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Patricia, Parrot Consultant
Category: Pet
Satisfied Customers: 1759
Experience:  Published author, free lance bird behaviorist, adviser to the parrots at Sarasota Jungle Gardens.
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My amazon parrot has a cold ( wheezing ).What can I do

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My amazon parrot has a cold ( wheezing ).What can I do for him ???

Hello. Parrots do not get colds. But they are very susceptible to all manner of respiratory problems. If he is wheezing, either he has been sick for some time or he has suddenly been exposed to some kind of household toxin or something else that has suddenly affected his breathing. One of the problems we have with our parrots is their very strong instinct to mask all symptoms of illness or injury, from us. In the wild, they are prey and to show weakness is to get kicked out of the safety of the flock. By the time we see any symptoms, it's because they are too sick and too weak to keep up the pretense. A couple of the first things we will be able to notice is a change in behavior, (less playing, less or no talking, etc.), any change in the appearance of the droppings that lasts more than 24 hours and cannot be accounted for by diet. For example, a lot of fruits or veggies one day can make more runny droppings but it should not last more than a day, then go back to normal. Other symptoms are sitting with feathers fluffed, giving up the perches and staying on the cage floor, and sleeping an inordinate amount of time. If this continues without treatment, you will begin to see the other symptoms, if you aren't already. With them being so very delicate as respects their respiratory systems, if we don't know better, there are things we expose them to that are cumulative and harm them over time and there are things we can expose them to that will cause an almost instant reaction. Obviously I'm not going to be able to diagnose for you, nor can I give you a "cure". What I can do is give you a couple links to information about various respiratory problems and the causes. I'm also going to give you a list of the most common things we may do to our birds without realizing it. If you will compare the list I'm going to give you and the situations in the links to see if you can recognize any thing your bird has been exposed to, it can really shorten the diagnosis time at the vet and get proper treatment started that much sooner. Okay, here is my list of things that seem to happen most often; an over heated piece of non stick cookware, burning candles, burning a fireplace that does not draw perfectly, using any kind of aerosol product, any kind of air freshener, almost all commercial cleaning products, liquid, powders or in any other form. If you have recently gotten any new furniture or new carpet and especially if it was treated with a stain guard. Any painting or most other remodeling projects. Cigarette smoke and/or the nicotine from the unwashed hands of a smoker. Cooking fumes, or any other strong smelling fumes. Generally speaking, anything that smells strong to us, can be a bird killer. As mentioned, some of these things build over time, some happen quickly. When you get into the links you will see things that are diet related. One of the more common and very serious one is aspergillosis. If your bird gets peanuts in the shell, that is a strong suspect. Peanut shells can harbor the spores that cause that problem. I am assuming that at his age, you already have a good avian vet that you trust but just in case, I'll give you links to help locate one. You need to get him to a vet asap. I would not let them put me off several days, waiting for an appointment. In the meantime, you must make sure he does not get chilled. The closer to 80F you can keep him, the better. He also needs to stay as quiet and stress free as possible. Allow nothing that increases his respirations if you can help it. I suggest covering the top and three sides of the cage and unless he is a real cuddler and loves to sit quietly with you, I'd leave him alone and keep household traffic to a minumum around the cage. If you see him start to "tail bob", (tail bobbing up and down in time with breathing) he is in even more serious trouble and you must move even faster to get him to the vet. I will keep him in my thoughts and keep my fingers crossed for all of you. Best of luck and let me know if you have any more questions at all. Patricia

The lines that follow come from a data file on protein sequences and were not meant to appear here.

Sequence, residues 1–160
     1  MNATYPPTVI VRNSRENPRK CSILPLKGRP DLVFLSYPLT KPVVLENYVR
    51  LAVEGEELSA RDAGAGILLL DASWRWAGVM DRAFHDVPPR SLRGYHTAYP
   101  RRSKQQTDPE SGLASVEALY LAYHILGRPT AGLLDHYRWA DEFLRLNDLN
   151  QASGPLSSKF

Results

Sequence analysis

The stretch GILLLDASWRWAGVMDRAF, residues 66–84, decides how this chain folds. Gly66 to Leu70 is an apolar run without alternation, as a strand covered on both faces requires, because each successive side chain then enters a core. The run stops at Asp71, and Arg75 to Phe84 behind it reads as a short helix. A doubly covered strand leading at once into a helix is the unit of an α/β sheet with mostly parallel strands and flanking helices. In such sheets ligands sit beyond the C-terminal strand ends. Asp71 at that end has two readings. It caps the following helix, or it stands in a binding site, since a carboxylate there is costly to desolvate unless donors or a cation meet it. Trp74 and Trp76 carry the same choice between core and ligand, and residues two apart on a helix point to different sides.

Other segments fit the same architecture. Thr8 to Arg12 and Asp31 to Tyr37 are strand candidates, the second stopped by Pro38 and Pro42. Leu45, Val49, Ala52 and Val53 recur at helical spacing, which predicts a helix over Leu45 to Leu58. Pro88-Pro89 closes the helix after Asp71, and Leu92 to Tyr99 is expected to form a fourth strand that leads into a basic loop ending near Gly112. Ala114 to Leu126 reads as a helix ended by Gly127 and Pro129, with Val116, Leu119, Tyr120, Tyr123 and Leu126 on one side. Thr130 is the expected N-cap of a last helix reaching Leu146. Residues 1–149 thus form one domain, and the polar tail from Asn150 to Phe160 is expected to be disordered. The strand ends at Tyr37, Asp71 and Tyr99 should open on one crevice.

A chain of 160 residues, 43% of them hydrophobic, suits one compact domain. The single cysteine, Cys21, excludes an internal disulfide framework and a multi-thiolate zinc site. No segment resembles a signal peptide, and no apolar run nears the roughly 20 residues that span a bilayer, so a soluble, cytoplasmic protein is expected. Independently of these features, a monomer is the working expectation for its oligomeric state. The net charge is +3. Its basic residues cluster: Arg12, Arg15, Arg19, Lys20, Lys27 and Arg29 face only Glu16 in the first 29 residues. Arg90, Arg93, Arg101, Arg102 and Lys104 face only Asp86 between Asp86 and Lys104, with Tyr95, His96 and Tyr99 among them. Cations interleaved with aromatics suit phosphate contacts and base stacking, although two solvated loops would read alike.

Click here: Winged Wisdom Pet Bird Magazine - Avian Respiratory Disorders Part I - Pet Birds

Click here: Winged Wisdom Pet Bird Magazine - Avian Respiratory Disorders Part II - Pet Birds

Click here: Find your local Avian Veterinarian

Click here: Avian Veterinarians Recommended by Bird Breeders and Owners

Click here: Avian Vet List

Click here: BirdsnWays - Avian Veterinarians - Vets - Vet Services for Pet Parrots & Exotic Birds

This one looks like an advertisement for Harrison pellets but they are only sold by vets so it's another good list to check. Click here: Harrison's Bird Foods is a family of certified organic pet bird diets that were formulated to make your bird as he

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